Let’s look back to the time when, in late 2000, the then-ruling Democratic Progressive Party (DPP) government flip-flopped on its policy over the construction of Nuclear Power Plant No. 4.
That controversy, along with many other ensuing gaffes, not only hurt the credibility of then-president Chen Shui-bian’s (陳水扁) administration, but also, directly or indirectly, brought about political casualties including the resignation of then-premier Tang Fei (唐飛) and his successor, Chang Chun-hsiung (張俊雄).
The Chen administration’s flip-flopping had often invited criticism and was denounced as “irresponsible, unprofessional and incompetent,” which was one of the reasons for President Ma Ying-jeou’s (馬英九) election victory in March 2008.
The message being sent during the last presidential election was that people were fed up with an irresponsible, unprofessional and incompetent government and hoped for a new president to make changes.
But, judging from its performance in the past two years, has the Ma administration brought about any changes?
After the controversial relaxation of regulations on beef imports including cow tongues this week, the Cabinet once again finalized its decision without consulting with its own ministries or the general public after Premier Wu Den-yih (吳敦義) yesterday pledged further deliberations about the ban on cow tongues — two days after his health ministry officials endorsed the ban.
The health department’s healthcare premium hike policy is another example.
Less than a year ago, the Ministry of Foreign Affairs either took the liberty or was instructed by its superiors to reject foreign rescue teams that had offered to come to the aid of mudslide victims after Typhoon Morakot battered southern Taiwan — signs that the Ma government’s diplomats were either living in an ivory tower or were apathetic to disaster victims’ plight.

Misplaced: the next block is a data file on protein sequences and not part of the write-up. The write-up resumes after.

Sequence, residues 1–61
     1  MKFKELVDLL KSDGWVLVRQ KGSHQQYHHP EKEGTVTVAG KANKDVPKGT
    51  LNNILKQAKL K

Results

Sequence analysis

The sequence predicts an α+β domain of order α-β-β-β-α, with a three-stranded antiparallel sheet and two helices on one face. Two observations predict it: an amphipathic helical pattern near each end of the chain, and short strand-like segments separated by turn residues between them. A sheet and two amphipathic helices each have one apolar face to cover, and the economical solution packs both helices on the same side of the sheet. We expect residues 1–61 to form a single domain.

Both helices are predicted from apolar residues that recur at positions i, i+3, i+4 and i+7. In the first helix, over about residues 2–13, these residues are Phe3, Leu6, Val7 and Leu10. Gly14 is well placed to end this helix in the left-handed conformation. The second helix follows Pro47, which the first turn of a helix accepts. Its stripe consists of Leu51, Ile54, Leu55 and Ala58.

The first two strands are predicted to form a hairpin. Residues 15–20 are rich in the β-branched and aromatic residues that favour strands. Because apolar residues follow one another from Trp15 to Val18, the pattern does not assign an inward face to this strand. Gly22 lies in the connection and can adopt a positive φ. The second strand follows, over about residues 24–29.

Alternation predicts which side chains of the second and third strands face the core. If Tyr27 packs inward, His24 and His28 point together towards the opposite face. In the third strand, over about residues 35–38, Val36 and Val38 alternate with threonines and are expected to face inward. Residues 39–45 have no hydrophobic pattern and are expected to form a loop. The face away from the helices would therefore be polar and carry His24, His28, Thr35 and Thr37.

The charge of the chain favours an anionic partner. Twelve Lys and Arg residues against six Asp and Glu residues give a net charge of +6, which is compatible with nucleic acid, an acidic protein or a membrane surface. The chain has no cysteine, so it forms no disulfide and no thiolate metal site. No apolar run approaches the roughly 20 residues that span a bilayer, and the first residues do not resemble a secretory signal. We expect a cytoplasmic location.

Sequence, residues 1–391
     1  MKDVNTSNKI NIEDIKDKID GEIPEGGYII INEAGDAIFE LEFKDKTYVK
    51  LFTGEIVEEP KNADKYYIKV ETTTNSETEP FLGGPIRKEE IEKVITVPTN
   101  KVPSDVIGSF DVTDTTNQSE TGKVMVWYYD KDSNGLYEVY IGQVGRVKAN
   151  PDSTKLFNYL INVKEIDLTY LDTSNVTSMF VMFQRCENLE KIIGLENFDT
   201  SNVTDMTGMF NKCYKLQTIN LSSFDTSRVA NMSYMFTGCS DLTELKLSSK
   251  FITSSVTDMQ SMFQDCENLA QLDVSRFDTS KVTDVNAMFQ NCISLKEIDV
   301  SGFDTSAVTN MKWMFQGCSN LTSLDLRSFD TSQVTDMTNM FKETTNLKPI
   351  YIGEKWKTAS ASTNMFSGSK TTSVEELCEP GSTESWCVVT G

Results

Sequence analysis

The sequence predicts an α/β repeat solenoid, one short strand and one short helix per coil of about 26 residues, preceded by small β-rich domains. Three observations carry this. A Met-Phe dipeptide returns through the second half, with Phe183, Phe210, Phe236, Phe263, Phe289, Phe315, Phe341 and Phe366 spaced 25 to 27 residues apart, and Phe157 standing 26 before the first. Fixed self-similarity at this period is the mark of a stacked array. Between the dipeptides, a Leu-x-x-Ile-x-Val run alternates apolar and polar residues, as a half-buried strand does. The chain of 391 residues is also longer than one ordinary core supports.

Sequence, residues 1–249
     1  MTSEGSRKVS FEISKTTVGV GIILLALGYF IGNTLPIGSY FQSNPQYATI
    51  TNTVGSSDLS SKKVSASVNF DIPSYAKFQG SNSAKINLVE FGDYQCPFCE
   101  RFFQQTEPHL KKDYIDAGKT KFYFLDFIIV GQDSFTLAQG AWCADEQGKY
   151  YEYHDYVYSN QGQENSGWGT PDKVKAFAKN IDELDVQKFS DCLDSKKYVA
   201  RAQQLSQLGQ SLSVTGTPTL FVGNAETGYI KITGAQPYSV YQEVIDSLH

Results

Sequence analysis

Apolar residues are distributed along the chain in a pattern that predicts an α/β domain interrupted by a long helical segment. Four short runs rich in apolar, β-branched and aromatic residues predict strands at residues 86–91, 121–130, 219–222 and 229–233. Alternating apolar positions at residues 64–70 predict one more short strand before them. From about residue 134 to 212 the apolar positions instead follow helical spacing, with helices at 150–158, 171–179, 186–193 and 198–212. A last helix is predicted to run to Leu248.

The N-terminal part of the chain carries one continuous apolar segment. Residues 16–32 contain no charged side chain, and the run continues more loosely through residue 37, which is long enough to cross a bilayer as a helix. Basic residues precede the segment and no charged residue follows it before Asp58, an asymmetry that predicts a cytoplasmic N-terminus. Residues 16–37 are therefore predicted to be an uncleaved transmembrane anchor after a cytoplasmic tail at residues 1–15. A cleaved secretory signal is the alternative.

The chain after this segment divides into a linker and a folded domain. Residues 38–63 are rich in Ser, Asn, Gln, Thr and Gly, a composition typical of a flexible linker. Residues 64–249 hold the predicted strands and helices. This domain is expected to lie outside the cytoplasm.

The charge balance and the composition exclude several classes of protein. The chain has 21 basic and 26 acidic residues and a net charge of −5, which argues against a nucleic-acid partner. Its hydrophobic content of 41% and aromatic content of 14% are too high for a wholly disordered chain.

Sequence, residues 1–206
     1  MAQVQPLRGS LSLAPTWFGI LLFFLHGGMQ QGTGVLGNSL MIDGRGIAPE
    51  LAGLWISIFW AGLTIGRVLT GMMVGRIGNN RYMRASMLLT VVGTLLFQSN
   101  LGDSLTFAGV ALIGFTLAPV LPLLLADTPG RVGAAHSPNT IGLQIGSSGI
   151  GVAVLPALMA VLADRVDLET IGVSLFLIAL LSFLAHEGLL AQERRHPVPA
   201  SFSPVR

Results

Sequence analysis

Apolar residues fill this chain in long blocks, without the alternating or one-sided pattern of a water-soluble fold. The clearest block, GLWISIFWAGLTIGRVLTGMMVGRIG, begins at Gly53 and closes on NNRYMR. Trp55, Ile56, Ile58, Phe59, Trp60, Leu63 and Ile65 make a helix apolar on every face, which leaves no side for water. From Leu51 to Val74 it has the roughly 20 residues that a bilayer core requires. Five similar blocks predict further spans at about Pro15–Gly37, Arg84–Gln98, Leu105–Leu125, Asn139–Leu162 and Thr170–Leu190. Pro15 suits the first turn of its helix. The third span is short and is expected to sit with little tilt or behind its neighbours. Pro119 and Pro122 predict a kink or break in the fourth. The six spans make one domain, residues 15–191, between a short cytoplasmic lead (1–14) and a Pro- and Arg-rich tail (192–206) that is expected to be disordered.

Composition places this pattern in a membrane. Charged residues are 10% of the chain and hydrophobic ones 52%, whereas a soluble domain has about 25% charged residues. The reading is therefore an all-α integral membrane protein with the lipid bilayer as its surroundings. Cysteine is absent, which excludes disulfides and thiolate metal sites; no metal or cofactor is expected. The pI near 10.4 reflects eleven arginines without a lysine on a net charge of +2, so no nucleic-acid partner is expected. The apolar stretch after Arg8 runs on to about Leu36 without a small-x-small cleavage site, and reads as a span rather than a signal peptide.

Furthermore, as early as late 2008, the Cabinet under former premier Liu Chao-shiuan’s (劉兆玄) leadership remained indecisive about the regulations and standards on dairy products and raw materials, some of which contained melamine and thus put people’s lives at risk.
Despite these numerous missteps which Ma’s government has made so far, it is probably too early to jump to the conclusion that the incumbent government is “irresponsible, unprofessional and incompetent,” since it still has two more years to improve its performance.
But along the way, what’s really getting in people’s hair is that the administration has not learned any lessons from its past missteps and continues to repeat the same mistakes over and over again with its arrogant and top-down way of thinking.
If this is the case, what can people expect from the Ma government in what remains of its term?
No matter how much the Ma government has achieved or will achieve in warming ties with China, a head of state’s ability to better people’s welfare and lives should be considered his or her priority.
So let’s pray the Ma administration will soon pull itself together and improve its inter-ministerial coordination to prevent any further policy-making missteps.